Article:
Beyond Trust…

November 29, 2008

Fathers and SonsA new book, Bey­ond Trust picks up some of the issues raised in Can You Trust The Media?

Here’s Kev­in Marsh, sid­ing with Andrew Gil­ligan, in view­ing the book as nihil­ist­ic:

Journalism’s jour­ney – in Pro­fess­or Larry Sabato’s (1991) descrip­tion – from ‘lap­dog, through watch­dog to junk­yard dog’ with all that entails in loss of pub­lic trust is, in part at least, legit­im­ised by a strand of aca­dem­ic think­ing. Pro­fess­or Adri­an Mon­ck of City Uni­ver­sity Lon­don, con­cluded in his book Can You Trust The Media? (2008) that we were mis­guided even to think that we should.

His some­what nihil­ist­ic view can be boiled down to this (and I con­cede I’m cari­ca­tur­ing rather than char­ac­ter­ising – but it’s not a mil­lion miles off, trust me): trust is a decep­tion; we don’t need to trust journ­al­ists – in fact, we don’t need them at all but if they insist on hanging around, let’s see them as no more than the atten­tion seek­ing storytellers they are. Trust doesn’t come into it.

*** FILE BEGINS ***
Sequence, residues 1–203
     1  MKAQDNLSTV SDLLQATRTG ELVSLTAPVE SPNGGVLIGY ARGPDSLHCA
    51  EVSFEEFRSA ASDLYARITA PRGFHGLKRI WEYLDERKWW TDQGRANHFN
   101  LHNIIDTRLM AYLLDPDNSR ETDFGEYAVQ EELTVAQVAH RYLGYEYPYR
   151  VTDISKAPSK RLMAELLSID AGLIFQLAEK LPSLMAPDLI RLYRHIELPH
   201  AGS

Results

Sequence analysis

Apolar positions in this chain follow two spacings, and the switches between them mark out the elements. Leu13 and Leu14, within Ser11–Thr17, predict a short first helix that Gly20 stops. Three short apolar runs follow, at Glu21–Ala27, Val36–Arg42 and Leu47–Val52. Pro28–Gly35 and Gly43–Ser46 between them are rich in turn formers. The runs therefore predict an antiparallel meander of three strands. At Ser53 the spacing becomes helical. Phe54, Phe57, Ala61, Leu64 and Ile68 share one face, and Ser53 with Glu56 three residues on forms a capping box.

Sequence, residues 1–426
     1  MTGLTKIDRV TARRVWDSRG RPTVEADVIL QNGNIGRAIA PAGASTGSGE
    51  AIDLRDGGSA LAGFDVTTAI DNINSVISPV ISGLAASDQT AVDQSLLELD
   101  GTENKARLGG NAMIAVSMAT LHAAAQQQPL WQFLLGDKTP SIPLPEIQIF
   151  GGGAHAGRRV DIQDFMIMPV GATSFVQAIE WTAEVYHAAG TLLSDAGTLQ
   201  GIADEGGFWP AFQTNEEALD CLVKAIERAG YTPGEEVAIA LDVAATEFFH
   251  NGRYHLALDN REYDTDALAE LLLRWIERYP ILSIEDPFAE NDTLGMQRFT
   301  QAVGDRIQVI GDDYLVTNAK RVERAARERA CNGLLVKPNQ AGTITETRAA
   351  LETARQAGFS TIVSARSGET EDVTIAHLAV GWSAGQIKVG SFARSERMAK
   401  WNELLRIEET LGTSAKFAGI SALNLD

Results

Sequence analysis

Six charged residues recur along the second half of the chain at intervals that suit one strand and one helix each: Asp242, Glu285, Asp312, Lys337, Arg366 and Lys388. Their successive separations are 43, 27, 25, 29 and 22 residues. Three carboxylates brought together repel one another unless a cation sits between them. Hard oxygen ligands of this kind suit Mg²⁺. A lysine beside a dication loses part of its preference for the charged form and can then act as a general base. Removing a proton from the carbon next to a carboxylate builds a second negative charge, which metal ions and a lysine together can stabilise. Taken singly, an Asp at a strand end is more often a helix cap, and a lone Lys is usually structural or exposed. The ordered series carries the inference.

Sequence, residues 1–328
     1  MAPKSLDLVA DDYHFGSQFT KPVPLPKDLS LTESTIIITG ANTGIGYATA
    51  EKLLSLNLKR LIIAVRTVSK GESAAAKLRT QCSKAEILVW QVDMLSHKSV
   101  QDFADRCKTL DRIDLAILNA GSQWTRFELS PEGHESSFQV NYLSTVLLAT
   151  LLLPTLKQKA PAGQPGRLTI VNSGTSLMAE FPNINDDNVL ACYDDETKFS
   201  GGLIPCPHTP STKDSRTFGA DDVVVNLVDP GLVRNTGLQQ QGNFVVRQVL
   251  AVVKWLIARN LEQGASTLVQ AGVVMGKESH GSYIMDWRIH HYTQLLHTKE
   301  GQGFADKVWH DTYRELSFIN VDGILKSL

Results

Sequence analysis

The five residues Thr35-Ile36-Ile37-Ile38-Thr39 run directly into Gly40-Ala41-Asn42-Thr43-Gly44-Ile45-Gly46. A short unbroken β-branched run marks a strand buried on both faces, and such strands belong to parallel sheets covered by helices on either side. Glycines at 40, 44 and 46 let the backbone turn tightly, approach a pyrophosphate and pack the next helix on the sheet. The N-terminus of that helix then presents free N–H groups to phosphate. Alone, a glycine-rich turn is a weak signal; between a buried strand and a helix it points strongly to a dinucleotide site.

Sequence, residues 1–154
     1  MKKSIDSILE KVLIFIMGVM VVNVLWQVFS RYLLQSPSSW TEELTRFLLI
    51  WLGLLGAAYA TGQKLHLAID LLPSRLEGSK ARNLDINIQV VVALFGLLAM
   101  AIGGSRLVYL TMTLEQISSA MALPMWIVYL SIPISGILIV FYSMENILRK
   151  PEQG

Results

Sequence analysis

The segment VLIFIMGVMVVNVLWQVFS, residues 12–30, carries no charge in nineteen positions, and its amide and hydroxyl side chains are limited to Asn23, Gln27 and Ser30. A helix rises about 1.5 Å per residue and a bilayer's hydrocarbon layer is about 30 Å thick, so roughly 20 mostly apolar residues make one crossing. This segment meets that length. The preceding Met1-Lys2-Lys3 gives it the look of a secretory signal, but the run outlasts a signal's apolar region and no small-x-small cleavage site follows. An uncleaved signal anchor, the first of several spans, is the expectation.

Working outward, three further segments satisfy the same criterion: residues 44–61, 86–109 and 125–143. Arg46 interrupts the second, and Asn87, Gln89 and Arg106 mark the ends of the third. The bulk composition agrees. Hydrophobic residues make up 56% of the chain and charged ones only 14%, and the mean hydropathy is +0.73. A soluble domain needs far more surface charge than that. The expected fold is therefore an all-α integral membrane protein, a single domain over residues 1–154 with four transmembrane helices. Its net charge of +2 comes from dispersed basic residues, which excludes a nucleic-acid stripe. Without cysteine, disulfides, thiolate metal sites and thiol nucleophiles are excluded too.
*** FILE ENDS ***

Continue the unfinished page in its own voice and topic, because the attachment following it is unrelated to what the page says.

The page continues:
We journ­al­ism edu­cat­ors who think trust does mat­ter – how can we trust any­thing about the world if we can’t trust the media through which we learn about it? – inev­it­ably ask ourselves, then, how long can any les­son in trust stick when the pre­vail­ing mind­set in news­room after news­room doesn’t just fall short
of the ideal, it denies such an ideal even exists?

Accus­a­tions of nihil­ism always bring to mind one of the favour­ite nov­els of my teen­age years (that just happened to be when I first read it), Turgenev’s Fath­ers and Sons.

Turgenev ‘pop­ular­ised’ nihil­ism, which actu­ally had rad­ic­al and edu­ca­tion­al ele­ments. And isn’t there a bit of Baz­arov in every journ­al­ist?

A nihil­ist is a man who does not bow to any author­it­ies, who does not take any prin­ciple on trust, no mat­ter with what respect that prin­ciple is sur­roun­ded.

Try it. You might like it.


Kevin’s response.

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